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Published: Thursday, 8/5/2004

Pak always feels at home at Highland Meadows

BY STEVE JUNGA
BLADE SPORTS WRITER

Although her 2004 season has not quite matched up to her previous six full years on the tour, the native of Daejon, Korea seems to have reached a comfort zone within the LPGA circuit and in the United States.

And, outside of her Far Eastern roots and her adopted residence in Orlando, Fla., perhaps no place does Pak feel more at home than right here at Highland Meadows.

That is why - despite the obvious inconvenience of traveling across the Atlantic directly from the Women's British Open - the defending Farr champion was actually looking forward to coming to the Highland Meadows.

"It's not easy," Pak said of the extensive travel and time zone adjustment, "especially because the last couple weeks have been big weeks. That [British Open] was the last major for the season, and you have a lot of pressure with the big tournaments.

"This time of year some top players take some off weeks, especially coming back from Europe with the time difference. It's not because I'm defending [champion] that I came, but just to see my lovely fans here this week. I love this golf course. I'm not having a great season this year, but this week is going to be one of my weeks."

In her last six trips to Highland Meadows, Pak has basically owned the course. In addition to her four victories here - in 1998 (her rookie year), 1999, 2001 and last year - Pak placed third in 2000 just one shot behind winner Annika Sorenstam, and was 10th in 2002, five strokes behind champion Rachel Teske.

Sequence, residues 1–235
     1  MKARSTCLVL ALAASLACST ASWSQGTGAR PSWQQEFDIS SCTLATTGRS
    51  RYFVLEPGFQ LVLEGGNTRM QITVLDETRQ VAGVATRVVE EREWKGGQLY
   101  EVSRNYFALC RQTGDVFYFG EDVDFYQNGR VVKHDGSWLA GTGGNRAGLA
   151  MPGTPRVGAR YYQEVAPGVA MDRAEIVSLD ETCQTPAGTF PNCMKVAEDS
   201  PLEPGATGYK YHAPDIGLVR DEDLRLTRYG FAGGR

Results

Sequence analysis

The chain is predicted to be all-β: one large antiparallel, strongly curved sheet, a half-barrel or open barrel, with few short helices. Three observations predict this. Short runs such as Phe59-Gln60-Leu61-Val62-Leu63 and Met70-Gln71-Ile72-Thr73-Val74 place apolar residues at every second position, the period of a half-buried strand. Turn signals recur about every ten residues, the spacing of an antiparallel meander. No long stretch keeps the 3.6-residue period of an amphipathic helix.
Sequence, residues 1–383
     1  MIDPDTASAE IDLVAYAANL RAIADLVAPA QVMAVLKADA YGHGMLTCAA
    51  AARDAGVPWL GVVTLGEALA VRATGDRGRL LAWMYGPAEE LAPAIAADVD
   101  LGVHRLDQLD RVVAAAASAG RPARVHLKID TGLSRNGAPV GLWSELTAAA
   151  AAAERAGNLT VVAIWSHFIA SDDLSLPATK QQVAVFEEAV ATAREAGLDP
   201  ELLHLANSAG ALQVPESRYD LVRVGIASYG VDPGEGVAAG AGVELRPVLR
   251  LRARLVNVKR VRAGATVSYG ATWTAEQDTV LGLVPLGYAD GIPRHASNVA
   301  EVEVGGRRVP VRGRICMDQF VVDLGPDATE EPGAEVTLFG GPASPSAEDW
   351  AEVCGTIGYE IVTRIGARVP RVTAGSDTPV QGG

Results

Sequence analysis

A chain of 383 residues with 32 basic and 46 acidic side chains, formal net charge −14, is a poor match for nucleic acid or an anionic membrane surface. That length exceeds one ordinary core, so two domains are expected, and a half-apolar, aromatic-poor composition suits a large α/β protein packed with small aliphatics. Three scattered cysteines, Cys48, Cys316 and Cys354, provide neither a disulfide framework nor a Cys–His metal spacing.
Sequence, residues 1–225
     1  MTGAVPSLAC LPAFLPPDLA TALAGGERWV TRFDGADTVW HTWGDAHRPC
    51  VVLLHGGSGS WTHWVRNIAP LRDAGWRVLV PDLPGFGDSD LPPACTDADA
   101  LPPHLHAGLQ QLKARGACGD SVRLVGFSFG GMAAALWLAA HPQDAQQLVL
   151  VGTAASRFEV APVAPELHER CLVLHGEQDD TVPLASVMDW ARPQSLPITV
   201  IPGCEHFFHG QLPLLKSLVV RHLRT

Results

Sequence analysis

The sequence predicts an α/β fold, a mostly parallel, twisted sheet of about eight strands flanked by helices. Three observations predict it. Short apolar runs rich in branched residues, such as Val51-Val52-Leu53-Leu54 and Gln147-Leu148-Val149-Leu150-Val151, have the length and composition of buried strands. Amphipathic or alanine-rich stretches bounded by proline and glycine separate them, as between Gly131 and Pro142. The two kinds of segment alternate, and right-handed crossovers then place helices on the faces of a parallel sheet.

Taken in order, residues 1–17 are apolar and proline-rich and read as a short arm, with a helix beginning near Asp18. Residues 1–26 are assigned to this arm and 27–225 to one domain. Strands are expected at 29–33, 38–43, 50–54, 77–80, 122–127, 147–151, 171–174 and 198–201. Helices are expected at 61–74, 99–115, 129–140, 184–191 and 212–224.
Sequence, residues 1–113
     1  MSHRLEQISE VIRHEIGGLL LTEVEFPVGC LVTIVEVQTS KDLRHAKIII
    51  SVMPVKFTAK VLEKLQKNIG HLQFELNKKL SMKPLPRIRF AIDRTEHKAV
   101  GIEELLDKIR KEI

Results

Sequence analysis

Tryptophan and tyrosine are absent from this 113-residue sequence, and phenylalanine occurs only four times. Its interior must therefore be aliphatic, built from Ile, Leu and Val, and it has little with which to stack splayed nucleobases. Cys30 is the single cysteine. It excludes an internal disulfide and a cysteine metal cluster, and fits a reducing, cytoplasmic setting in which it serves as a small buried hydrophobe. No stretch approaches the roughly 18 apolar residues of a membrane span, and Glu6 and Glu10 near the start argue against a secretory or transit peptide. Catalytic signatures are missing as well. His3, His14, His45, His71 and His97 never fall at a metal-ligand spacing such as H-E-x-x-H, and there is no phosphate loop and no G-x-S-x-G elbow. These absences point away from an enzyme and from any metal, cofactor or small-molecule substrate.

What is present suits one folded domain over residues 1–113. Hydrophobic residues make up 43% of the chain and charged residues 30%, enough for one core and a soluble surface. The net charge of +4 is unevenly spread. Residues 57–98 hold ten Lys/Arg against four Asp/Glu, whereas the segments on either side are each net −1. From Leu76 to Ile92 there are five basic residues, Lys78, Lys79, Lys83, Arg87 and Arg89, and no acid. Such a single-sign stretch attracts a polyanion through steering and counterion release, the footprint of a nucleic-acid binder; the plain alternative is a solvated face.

After not making the Farr cut as a 19-year-old who had yet to qualifiy for the LPGA Tour in 1997, only once in her subsequent 24 rounds at Highland Meadows has Pak ventured over par, that being a 1-over opening-round 72 in 2002.

"The traveling [from Europe] is not easy," Pak said. "Sometimes you just want to go home and rest. But this week I feel like I'm really in my hometown. As soon as I get here, for some reason, I feel so much more relaxed. I'm pretty much ready to go."

Entering this week, Pak stands 10th on the 2004 LPGA earnings list at $559,632 through 14 events. In 169 career tournaments between 1996 and last week's Women's British Open, Pak ranks sixth in career earnings among LPGA players at $7,896,322.

Her first-place finish in early May at the Michelob ULTRA Open in Virginia was her 22nd tour victory, but she has just three other top 10 finishes this year. On her current pace, with roughly 60 percent of the 2004 schedule already completed, 2004 may wind up being Pak's least successful year on tour in terms of performance.

"This year my game is not as good as what I was expecting," Pak said. "I have really worked hard on my game and I felt strong for 2004. But right now I've kind of lost my feel for the driver. That's caused me a lot of trouble the last couple weeks. But I'm getting there.

"The important thing is I'm trying to find more confidence from the tee. I'm not 100 percent yet, but it's close. Hopefully this week I have confidence with this golf course. It's always been great for me."

Her comfort level overall has also improved.

"It's a huge difference," Pak said. "I'd say I've changed 80 percent.

"One thing, I can speak [English] so much better, and I can understand people. The second thing, the food is not bothering me. And, now I'm used to traveling.

"The first couple years I had so much tension because I didn't have many friends out there and I didn't speak much English and I pretty much felt lonely. I had a lot of pressure on me all the time. Right now I'm more relaxed, I have more friends and I enjoy it."

Contact Steve Junga at:

sjunga@theblade.com

or 419-724-6461.



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